# Logic circuit to handle incrementing by 1

You can use cascaded full adders to add any two binary numbers together. Is there a circuit for when I only want to add 1 (incrementing the value)? Is there a similar circuit for subtracting (i.e. adding 0b1111 1110)? I'm working with 8 bit numbers, but this applies for all word lengths.

• A circuit besides a full adder? You could just use one where one set of inputs is static, either 00...01 (++) or FF...FF (--) You could optimize/eliminate some of the input gates with the knowledge of constant inputs. – Nick T Dec 14 '10 at 15:45
• @Nick T, I was thinking of doing this but wasn't certain how to approach it. – Thomas O Dec 14 '10 at 15:53
• You could feed the carry-in line, but I suspect you don't have access to silicon... – tyblu Dec 14 '10 at 22:50

Let's see. In a simple ripple carry adder, sum,carry-out = a + b + carry-in

c = carry-in
for i in n
sum[i] = a[i] ^ b[i] ^ c[i]
c[i+1] = (a[i]&b[i]) | (a[i]&c[i]) | (b[i]&c[i])
carry-out = c[n]


Now if we want to compute sum,carry-out = a + 0 + 1, set b[] = all 0 and simplify:

c = 1
for i in n
sum[i] = a[i] ^ c[i]
c[i+1] = a[i] & c[i]
carry-out = c[n]


which is simpler. Subtraction by 1 can be similarly simplified (exercise for reader: what is b[] and carry-in in that case?)

Happy hacking!

If you're talking about discrete logic, like 7400 series logic, then the chip you're looking for is called a counter. Two 74191 (4-bit up/down synchronous counter) chips cascaded will give you what you want, and there are other chips that do a similar function.

If you want the most compact way to add '1', then you could use half-adders for each bit instead of full adders. Not too sure about subtraction though.

• Thanks. I'm considering building a transistor computer so whereever I can save transistors it is good. – Thomas O Dec 14 '10 at 15:53
• Transistor computers are easy to make when you're building the transistors on a single silicon wafer :) – W5VO Dec 14 '10 at 16:07
• Food for thought, if you're talking about making a discrete transistor CPU: The Intel 4004 (4 bit CPU) has 2300 transistors (excluding main ROM/RAM, and I/O. – W5VO Dec 14 '10 at 17:01
• @Thomas: I don't want to discourage you, but even the most simple CPU needs a few thousand transistors and the more components the greater the chance that something is wrong somewhere. I wouldn't want to debug it anyway. Why don't you build one with standard 74HCxx logic? This may increase your chances considerably, and it should be a serious challenge too. – stevenvh Dec 14 '10 at 17:14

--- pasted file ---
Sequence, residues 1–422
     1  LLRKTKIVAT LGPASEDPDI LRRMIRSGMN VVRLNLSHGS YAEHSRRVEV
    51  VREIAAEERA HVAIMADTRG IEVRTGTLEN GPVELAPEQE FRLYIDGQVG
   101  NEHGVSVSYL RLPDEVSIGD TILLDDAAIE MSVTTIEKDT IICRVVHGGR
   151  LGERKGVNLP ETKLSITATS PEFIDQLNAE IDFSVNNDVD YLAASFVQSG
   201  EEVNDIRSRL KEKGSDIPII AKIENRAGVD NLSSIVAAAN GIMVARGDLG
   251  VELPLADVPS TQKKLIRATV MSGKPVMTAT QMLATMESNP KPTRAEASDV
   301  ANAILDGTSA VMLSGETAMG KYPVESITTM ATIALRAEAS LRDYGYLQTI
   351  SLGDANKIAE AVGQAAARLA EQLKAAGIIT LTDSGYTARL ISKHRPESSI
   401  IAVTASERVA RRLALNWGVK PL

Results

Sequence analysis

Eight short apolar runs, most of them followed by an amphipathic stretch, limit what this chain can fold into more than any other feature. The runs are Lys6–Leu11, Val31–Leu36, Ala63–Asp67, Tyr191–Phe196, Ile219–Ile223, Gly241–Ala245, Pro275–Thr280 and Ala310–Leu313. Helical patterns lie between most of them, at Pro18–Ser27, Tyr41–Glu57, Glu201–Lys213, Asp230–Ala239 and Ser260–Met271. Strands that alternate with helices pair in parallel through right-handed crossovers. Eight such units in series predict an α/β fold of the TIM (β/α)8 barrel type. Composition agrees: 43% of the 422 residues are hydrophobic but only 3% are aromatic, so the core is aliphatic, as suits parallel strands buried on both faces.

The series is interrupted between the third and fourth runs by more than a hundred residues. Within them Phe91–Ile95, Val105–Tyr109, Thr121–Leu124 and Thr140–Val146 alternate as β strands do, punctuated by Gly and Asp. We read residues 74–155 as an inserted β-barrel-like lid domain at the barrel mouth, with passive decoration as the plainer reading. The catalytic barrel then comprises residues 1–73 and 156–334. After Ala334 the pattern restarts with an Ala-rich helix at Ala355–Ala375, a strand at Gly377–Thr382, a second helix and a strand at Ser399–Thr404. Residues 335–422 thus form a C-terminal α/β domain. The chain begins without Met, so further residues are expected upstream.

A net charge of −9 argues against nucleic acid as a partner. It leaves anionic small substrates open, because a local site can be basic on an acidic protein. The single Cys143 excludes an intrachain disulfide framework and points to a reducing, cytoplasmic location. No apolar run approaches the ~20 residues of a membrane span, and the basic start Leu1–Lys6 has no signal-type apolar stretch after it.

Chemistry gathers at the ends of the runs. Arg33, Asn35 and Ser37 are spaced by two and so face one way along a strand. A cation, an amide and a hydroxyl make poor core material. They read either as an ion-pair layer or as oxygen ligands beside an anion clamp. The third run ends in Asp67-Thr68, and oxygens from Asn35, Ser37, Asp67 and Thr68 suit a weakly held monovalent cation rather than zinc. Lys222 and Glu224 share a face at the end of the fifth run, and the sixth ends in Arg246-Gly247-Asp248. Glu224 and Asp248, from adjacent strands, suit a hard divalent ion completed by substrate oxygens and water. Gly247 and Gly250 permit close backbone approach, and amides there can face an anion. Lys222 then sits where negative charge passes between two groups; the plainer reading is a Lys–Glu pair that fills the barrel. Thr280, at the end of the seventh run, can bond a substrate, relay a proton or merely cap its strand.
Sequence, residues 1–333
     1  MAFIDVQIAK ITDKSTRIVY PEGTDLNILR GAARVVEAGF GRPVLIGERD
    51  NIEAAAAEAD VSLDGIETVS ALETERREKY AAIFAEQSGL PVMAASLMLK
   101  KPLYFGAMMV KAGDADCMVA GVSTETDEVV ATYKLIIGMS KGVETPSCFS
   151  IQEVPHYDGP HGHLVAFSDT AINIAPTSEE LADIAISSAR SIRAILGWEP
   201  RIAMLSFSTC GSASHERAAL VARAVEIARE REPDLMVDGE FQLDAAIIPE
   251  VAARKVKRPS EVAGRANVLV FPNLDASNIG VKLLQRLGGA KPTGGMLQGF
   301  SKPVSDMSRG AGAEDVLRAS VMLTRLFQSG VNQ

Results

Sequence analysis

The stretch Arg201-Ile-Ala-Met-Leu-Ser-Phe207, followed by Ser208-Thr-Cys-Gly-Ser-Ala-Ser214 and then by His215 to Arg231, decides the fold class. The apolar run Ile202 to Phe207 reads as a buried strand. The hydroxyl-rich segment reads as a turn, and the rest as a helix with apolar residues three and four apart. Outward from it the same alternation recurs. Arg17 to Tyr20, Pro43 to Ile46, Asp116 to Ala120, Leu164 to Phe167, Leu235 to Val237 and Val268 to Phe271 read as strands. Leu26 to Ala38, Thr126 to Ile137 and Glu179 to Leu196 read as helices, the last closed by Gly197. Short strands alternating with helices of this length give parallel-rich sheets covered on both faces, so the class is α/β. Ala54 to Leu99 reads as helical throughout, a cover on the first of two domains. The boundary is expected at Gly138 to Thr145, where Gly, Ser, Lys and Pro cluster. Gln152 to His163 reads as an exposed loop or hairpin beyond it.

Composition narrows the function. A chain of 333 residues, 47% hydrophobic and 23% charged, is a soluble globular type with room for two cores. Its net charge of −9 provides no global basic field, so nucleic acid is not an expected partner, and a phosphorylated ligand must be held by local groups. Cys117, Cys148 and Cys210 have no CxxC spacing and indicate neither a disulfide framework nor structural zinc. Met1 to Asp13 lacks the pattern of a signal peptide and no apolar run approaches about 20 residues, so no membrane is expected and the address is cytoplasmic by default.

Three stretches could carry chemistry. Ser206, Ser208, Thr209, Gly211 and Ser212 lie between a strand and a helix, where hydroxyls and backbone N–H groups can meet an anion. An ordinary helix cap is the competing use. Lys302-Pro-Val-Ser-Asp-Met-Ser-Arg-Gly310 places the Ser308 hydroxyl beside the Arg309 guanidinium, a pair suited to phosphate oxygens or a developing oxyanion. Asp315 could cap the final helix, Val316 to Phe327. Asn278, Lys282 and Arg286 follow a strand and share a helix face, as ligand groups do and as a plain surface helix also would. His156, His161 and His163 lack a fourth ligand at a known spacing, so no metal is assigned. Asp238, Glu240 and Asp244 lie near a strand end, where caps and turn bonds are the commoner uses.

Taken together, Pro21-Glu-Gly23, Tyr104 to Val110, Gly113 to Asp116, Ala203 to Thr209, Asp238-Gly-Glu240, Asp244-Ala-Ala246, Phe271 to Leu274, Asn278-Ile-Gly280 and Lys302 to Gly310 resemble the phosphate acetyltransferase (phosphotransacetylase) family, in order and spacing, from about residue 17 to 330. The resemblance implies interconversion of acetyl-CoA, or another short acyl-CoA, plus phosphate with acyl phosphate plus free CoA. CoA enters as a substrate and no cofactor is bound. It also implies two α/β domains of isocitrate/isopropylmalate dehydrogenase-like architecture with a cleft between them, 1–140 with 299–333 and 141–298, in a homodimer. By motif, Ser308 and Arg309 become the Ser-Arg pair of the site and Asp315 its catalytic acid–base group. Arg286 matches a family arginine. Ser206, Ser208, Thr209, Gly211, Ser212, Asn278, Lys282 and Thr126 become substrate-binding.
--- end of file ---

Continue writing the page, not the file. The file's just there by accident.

• @stevenvh Actually I should have written relay computer and it's been done before (web.cecs.pdx.edu/~harry/Relay/.) I doubt I'd actually build it, but it would be a design project to do in my spare time. – Thomas O Dec 14 '10 at 17:29

What you are looking for is a edge triggered T-triggers. Input = output of previous stage AND count clock.

Here is schematics for transistor-based T-trigger:

http://forum.cxem.net/index.php?app=core&module=attach&section=attach&attach_rel_module=post&attach_id=45908

In the diagrams, lines to the right are outputs and all others (from the top, bottom or left) are inputs.

next                 b0                     b1                   b2
number   B0 ─ XOR ─┬──┘        B1 ─ XOR ─┬──┘        B2 ─ XOR ─┬──┘
counter     ┌──┘   └─ NOT ─┐      ┌──┘   └─ NOT ─┐      ┌──┘   └─ NOT ─┐
1 ─┴──────────── AND ─c1─┴──────────── AND ─c2─┴──────────── AND ──  ...

c = 1                 | Note: sum[i] =              c[ i ]      + B[i]
for i in n               |              =            2*c[i+1]      + b[i]
b[ i ] =  B[i] ^ c[i]  |              =              c[i+1] <<1  + b[i]
c[i+1] = ~b[i] & c[i]  |              = (~b[i]      & c[i]) <<1  + b[i]
carry-out = c[n+1]       |              =                        (B[i] ^ c[i]) +
|            (~(B[i] ^ c[i]) & c[i]) <<1


If a half adder must be used:

                                                                    b[i]
B ────┬── XOR ────      to use a half   B[i] ──┬───────┬───── XOR ────┘
┌──────┘   half     adder without          │   ┌─ XOR ─────┘
│ └────┐   adder    circuit trace         XOR ─┤
C ──┴──── AND ────      crossings you          │   └─ XOR ─────┐
can use this:   C[i] ──┴───────┴───── AND ─ c[i+1] ── ...


A simple decrement is a complemented negation: D-1 = ~-D.
Negation is 2's complement which is an incremented complement: -D = ~D +1.

Thus, D-1 = ~(~D +1), so a bit-wise combinational (parallel) complementation before and after a sequential incrementation suffices.

However, https://en.wikipedia.org/wiki/Half_subtractor the sequential decrement circuit is even simpler:

 previous                  d0                 d1                 d2
count       D0 ── XOR ─┬──┘    D1 ── XOR ─┬──┘    D2 ── XOR ─┬──┘
(decrement)       ┌──┘   └──┐        ┌──┘   └──┐        ┌──┘   └──┐
1 ─┴─────── AND ─ b1 ─┴─────── AND ─ b2 ─┴─────── AND ──  ...

b = 1
for i in n
d[ i ] =  D[i] ^ b[i]
b[i+1] =  d[i] & b[i]
borrow-out = b[n+1]